Gingerbread Macarons
Know this: If your macarons are turning out less than perfect, don’t give up or switch recipes.
Gingerbread Macarons Shells
Yields 40 macarons
  • 165 grams almond flour
  • 165 grams confectioners’ sugar
  • 1/4 tsp ground ginger
  • 1/8 tsp ground cinnamon
  • 1/8 tsp ground nutmeg
  • 1/8 tsp ground cloves
  • Pinch of ground cardamom
  • 5 grams powdered egg white
  • 150 grams granulated sugar
  • 3 grams cream of tartar
  • Pinch of sea salt
  • 115 grams aged egg whites
Pulse almond flour, spices, and confectioners’ sugar in a food processor 5 times for 3 seconds. Shift in a sieve to remove any clumps.

In the bowl of a stand mixer fitted with a whisk attachment, mix the powdered egg white, granulated sugar, and cream of tartar. Add egg whites and whip on medium speed until stiff peaks form, about 11 minutes. In the last minute, turn the speed up to medium high.

Working quickly, fold the dry ingredients into the meringue until the batter is just starting to show movement and is slightly shiny, single mass. If you drop some of the batter on itself, it will reincorporate in about 10-20 seconds.

Spoon batter into a pipping bag fitted with 1/2 inch tip and pipe quarter sized circles on a silpat or parchment paper. Slam the pipped trays on a counter 3-5 times to remove excess air.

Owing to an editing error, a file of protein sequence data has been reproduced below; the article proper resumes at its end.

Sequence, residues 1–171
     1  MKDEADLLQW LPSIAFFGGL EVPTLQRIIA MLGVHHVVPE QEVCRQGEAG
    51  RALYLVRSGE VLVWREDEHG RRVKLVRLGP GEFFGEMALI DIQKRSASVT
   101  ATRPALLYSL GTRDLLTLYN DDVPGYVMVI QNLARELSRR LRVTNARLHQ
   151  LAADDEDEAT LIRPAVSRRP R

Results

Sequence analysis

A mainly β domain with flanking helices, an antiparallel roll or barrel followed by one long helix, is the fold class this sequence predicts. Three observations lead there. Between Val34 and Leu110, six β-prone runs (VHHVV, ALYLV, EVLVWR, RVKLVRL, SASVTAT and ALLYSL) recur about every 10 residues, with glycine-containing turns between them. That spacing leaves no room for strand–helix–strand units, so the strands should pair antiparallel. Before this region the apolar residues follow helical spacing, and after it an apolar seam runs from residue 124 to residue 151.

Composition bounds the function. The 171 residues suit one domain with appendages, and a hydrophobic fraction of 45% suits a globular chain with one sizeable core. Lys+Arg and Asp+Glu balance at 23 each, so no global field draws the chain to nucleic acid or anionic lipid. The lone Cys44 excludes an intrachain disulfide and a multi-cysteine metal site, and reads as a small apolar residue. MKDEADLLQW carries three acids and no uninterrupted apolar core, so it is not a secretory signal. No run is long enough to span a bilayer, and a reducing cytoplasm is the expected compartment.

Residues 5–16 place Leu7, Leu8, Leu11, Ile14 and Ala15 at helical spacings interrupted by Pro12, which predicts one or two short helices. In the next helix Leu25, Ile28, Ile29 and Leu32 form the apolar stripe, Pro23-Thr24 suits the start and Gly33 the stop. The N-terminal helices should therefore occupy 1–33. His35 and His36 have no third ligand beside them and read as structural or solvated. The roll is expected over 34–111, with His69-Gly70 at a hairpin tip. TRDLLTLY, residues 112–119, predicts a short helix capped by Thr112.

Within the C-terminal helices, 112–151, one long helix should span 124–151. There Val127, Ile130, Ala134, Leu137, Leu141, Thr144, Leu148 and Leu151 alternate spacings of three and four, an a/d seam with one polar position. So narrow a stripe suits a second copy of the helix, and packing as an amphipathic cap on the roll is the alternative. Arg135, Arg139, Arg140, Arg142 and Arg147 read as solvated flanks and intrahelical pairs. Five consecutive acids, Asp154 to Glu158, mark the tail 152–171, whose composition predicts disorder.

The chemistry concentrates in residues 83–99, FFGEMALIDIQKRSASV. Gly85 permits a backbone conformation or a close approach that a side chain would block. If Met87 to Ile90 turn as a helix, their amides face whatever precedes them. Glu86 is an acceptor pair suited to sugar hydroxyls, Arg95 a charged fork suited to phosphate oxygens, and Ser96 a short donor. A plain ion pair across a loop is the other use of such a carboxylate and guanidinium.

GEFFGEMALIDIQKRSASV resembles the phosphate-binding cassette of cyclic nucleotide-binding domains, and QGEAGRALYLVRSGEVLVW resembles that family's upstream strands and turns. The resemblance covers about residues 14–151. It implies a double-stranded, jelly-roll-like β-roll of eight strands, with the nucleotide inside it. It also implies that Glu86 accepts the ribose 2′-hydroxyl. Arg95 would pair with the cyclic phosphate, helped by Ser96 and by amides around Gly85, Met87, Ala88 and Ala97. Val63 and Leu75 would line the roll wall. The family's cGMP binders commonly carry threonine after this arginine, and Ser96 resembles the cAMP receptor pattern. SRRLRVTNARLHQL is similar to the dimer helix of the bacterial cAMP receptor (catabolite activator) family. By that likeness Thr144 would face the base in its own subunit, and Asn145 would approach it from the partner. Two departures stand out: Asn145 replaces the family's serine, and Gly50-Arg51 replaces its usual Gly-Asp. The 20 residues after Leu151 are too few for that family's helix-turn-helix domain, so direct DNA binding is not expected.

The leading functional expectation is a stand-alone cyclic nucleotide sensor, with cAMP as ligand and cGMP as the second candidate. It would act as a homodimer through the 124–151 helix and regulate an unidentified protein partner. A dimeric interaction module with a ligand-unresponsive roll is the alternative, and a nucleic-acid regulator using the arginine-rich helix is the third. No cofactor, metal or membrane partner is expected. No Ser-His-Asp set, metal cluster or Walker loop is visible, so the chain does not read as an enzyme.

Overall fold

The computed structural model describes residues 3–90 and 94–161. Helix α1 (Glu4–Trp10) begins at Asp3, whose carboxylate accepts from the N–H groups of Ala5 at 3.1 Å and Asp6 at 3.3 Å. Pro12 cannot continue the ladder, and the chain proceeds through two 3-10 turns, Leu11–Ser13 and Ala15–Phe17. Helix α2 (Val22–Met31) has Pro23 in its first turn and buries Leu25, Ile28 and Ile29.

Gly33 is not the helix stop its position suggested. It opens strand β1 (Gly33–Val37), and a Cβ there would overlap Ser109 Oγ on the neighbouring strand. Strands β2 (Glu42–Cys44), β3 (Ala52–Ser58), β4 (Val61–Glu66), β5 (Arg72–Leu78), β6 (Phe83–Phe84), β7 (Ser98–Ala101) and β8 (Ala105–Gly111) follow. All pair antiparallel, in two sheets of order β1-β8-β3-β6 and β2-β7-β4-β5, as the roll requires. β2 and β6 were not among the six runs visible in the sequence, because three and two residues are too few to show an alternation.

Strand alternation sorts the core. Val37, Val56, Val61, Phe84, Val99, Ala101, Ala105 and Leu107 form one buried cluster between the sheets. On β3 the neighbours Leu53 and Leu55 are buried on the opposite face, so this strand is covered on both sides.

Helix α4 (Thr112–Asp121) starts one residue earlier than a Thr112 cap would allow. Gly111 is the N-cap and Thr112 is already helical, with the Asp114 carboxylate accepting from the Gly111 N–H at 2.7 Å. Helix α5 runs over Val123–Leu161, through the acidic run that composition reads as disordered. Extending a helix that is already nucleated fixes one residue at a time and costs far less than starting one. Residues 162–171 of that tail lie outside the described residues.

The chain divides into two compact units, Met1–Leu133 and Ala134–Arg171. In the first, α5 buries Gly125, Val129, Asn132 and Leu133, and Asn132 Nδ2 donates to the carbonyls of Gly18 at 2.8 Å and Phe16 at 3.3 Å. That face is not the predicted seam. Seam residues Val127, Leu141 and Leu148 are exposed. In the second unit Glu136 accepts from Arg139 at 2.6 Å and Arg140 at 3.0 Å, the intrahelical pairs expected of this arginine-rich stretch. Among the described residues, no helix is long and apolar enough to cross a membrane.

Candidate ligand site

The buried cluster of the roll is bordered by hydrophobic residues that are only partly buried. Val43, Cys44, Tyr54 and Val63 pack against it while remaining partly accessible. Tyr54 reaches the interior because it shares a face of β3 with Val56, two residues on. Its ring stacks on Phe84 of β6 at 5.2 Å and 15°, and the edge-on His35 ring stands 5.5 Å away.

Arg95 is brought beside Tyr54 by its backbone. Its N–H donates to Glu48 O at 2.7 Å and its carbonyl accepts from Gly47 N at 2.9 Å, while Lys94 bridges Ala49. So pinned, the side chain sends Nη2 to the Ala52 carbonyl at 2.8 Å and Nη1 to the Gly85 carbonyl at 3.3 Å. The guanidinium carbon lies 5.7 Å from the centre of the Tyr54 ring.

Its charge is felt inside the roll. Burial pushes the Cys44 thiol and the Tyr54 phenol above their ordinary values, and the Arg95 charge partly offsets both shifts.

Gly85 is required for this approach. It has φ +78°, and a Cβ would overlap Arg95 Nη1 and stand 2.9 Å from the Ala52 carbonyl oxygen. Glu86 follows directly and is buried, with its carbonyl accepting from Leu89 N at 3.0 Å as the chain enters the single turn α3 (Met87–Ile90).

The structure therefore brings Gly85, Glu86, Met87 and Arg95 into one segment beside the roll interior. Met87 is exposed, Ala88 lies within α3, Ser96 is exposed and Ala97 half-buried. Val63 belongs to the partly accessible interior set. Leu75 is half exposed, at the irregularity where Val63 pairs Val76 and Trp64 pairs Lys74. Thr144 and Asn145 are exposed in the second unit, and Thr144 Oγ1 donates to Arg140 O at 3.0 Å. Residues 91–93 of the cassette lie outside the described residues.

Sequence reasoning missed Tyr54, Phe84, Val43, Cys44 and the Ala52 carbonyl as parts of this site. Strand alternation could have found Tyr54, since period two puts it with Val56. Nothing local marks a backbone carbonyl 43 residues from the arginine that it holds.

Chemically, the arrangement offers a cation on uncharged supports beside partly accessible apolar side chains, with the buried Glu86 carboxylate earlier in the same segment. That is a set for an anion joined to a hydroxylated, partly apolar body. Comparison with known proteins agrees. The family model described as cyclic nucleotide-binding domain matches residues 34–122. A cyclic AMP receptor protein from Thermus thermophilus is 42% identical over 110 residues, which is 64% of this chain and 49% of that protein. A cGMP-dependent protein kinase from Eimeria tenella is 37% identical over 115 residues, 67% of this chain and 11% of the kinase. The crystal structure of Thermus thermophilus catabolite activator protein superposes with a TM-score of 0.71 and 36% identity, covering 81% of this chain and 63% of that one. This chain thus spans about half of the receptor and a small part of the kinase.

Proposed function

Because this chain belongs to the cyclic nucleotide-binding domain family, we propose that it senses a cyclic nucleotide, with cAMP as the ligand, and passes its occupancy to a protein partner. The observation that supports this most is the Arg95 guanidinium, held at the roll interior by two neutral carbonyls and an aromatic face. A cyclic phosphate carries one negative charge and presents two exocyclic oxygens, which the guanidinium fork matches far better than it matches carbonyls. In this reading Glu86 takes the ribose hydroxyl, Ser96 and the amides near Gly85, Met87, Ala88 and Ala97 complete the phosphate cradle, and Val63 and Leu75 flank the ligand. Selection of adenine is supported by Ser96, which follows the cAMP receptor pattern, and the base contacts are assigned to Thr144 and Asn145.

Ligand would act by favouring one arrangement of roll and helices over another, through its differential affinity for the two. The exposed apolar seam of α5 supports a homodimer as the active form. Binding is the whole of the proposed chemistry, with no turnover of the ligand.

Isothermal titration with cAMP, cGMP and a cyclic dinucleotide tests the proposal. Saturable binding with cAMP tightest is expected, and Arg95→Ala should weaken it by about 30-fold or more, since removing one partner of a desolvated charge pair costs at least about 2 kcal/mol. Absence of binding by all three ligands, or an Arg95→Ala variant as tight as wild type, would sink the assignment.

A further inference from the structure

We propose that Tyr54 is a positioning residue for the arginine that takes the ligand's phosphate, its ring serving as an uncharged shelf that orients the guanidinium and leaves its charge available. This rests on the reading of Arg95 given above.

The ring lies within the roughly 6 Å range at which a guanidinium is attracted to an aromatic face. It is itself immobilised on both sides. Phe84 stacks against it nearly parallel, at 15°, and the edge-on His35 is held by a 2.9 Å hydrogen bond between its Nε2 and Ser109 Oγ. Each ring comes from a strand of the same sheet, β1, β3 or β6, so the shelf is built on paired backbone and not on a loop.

Bake for about 15 minutes or until the foot and edge of the shells are firm.

Baking Method A: If you have a convection oven or one that heats evenly, bake the shells low at 200 degrees F for 15 minutes to dry out the shells. Then, increase the temperate to 350F until the foot and edge of the shells are firm, about 10 minutes.

Baking Method B: If you have an older oven or one that doesn’t heat evenly, pre-heat your oven to 400F. Put the baking sheet into the oven and turn the oven off. After 7 minutes, turn the oven on to 400F and bake for another 7 minutes.

Baking Method C: If the above baking techniques don’t work, follow Baking Method B, but place a single, empty baking try one or two racks above/below your pipped trays to defer your oven’s heat. If you have a top heating oven, put the empty tray above your cookies. If you have a bottom heating oven, put the empty tray below your cookies.

Remove the silpat or parchment paper and let cool on a wire rack. Once full cooled, remove the shells.

Match up similar sized shells. Pipe the filling on half of the shells and sandwich together. Mature in a refrigerator overnight.

Keep filled or unfilled macarons in an airtight container in the refrigerator (up to three days) or freezer (up to 1 month).

Gingerbread Buttercream
Yields 1 pint
  • 1 cup granulated sugar
  • 1/4 cup water
  • 3 large egg whites
  • 2 sticks cold, unsalted butter
  • 2 tsp molasses
  • 1 Tbsp fresh ginger
  • 1/2 tsp ground ginger
  • 1/4 tsp ground cinnamon
  • 1/8 tsp ground nutmeg
  • 1/8 tsp ground cloves
  • Pinch of ground cardamom
In a sauce pan, heat sugar and water until mixture reaches the soft ball stage, about 235F-245F.

In the bowl of a stand mixer fitted with a whisk attachment, whip on medium speed until egg whites form soft peaks. With the mixer running, slowly pour the sugar syrup into the eggs whites. Whisk the meringue until stiff peaks form and the bowl is cool, about 10 minutes.

Switch to a paddle attachment and add in butter 1 tablespoon at a time. Add the next piece of butter only once the last piece is fully emulsified into the meringue. Once all the butter has been added, turn up the speed to high and mix until completely smooth and fluffy. Add in the molasses and spices and mix until incorporated.